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  • Discussion of the doctrine of res judicata.
    • Enterprise Rent-A-Car Company v. Advantage Rent-A-Car, Inc., Opposition No. 120,101, (TTAB 2002).
      • As our primary reviewing court said recently, under the doctrine of res judicata, "a judgment on the merits in a prior suit bars a second suit involving the same parties or their privies based on the same cause of action. Over the years, the doctrine has come to incorporate common law concepts of merger and bar, and will thus also bar a second suit raising claims based on the same set of transactional facts. Accordingly, a second suit will be barred by claim preclusion if: (1) there is identity of parties (or their privies); (2) there has been an earlier final judgment on the merits of a claim; and (3) the second claim is based on the same set of transactional facts as the first." Jet, Inc. v. Sewage Aeration Systems, 223 F.3d 1360, 55 USPQ2d 1854, 1856 (Fed. Cir. 2000) (internal citations and quotation marks omitted).
  • Earlier proceedings involving opposer's mark does not have a res judicata or collateral estoppel effect where the marks and goods at issue in the prior case are different from the earlier case(s).
    • Miss Universe L.P., LLLP v. Community Marketing, Inc., Opposition No. 91160627, (TTAB 2007)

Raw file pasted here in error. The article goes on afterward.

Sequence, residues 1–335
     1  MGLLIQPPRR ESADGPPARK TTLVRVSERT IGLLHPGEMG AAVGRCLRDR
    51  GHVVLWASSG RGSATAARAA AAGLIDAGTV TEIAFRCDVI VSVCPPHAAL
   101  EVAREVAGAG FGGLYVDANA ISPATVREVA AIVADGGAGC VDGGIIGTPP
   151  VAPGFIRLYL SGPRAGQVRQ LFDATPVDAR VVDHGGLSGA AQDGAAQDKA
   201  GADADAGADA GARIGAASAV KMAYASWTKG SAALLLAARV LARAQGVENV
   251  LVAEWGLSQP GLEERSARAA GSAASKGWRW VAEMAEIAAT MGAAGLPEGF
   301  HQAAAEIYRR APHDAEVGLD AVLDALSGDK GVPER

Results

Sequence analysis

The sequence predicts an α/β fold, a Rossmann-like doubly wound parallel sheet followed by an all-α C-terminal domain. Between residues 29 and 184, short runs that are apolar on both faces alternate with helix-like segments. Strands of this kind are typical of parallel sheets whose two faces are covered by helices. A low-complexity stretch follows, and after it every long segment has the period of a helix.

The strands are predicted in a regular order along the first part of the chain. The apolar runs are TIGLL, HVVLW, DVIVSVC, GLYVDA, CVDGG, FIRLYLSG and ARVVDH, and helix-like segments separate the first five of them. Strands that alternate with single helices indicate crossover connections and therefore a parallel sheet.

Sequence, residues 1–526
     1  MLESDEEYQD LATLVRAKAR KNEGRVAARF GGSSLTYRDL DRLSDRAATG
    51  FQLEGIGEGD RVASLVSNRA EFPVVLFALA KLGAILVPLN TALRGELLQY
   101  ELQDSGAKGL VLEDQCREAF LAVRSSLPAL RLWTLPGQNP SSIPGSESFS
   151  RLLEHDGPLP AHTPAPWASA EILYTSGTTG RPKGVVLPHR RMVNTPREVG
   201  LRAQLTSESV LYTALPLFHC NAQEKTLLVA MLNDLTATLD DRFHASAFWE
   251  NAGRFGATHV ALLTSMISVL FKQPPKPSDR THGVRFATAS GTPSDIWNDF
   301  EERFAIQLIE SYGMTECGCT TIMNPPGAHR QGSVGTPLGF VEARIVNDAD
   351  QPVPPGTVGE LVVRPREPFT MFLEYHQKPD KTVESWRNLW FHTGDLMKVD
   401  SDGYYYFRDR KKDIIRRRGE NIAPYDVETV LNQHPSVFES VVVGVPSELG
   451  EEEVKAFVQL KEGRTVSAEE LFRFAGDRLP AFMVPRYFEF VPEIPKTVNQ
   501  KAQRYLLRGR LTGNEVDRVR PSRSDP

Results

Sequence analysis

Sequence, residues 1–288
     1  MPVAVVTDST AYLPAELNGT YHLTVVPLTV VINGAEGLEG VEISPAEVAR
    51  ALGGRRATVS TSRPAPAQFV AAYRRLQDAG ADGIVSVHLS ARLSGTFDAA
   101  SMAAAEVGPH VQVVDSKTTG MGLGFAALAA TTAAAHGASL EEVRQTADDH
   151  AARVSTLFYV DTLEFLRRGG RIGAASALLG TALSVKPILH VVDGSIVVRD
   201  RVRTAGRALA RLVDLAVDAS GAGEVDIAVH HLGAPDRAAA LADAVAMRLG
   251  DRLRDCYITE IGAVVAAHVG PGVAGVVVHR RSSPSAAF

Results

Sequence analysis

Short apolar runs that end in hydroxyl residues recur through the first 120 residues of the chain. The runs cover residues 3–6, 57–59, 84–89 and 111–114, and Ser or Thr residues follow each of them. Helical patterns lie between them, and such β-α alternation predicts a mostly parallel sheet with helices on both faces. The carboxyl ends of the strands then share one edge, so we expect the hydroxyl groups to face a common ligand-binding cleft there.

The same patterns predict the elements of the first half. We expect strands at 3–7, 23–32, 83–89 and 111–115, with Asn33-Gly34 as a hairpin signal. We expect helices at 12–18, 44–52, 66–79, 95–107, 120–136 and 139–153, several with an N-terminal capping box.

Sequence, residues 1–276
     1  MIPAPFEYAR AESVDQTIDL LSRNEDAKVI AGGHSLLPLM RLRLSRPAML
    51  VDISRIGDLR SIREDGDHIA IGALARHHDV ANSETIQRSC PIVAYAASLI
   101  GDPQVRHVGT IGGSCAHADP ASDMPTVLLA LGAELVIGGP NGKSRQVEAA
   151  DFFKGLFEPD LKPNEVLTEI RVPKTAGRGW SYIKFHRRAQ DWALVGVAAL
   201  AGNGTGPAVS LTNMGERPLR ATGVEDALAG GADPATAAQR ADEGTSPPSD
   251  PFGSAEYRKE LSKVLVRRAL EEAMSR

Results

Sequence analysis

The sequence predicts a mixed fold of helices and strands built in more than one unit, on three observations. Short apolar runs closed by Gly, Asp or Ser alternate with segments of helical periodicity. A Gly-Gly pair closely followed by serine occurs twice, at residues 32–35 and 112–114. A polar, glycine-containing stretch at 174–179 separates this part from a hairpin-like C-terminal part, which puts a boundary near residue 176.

• Finally, the fact that opposer was the plaintiff in a 1978 opposition proceeding (No. 91062042) involving its MISS U.S.A. mark and a third party's MR. USA mark, in which the opposition ultimately was terminated and a registration issued to the applicant, is of no probative value in the present case. The only evidence pertaining to this prior case are TTABVUE and TARR records, which show only that the proceeding was filed on December 27, 1978 and instituted on March 6, 1979, that the applicant filed an answer on April 2, 1979, that an "appeal to CAFC" was taken on October 26, 1981, that the opposition was terminated on July 27, 1983, that a registration (Reg. No. 1253816) was issued to the applicant on October 11, 1983, and that the registration subsequently was cancelled under Section 8. There is no evidence from which we might ascertain the basis for the Board's apparent dismissal of the opposition and the Federal Circuit's apparent affirmance of such dismissal. We note that the goods identified in the third-party applicant's MR. USA application and registration were Class 25 clothing goods, a fact which in itself may have been the basis for a finding of no likelihood of confusion (assuming that such finding was in fact the basis of the decision and outcome of the case). The point is that we cannot determine what the basis of the decision in the prior case was; that case therefore is of no probative value. To the extent that applicant is arguing that this prior case has some sort of res judicata or collateral estoppel effect in the present case, such contention is without merit given the differences in the marks and goods at issue in the prior case.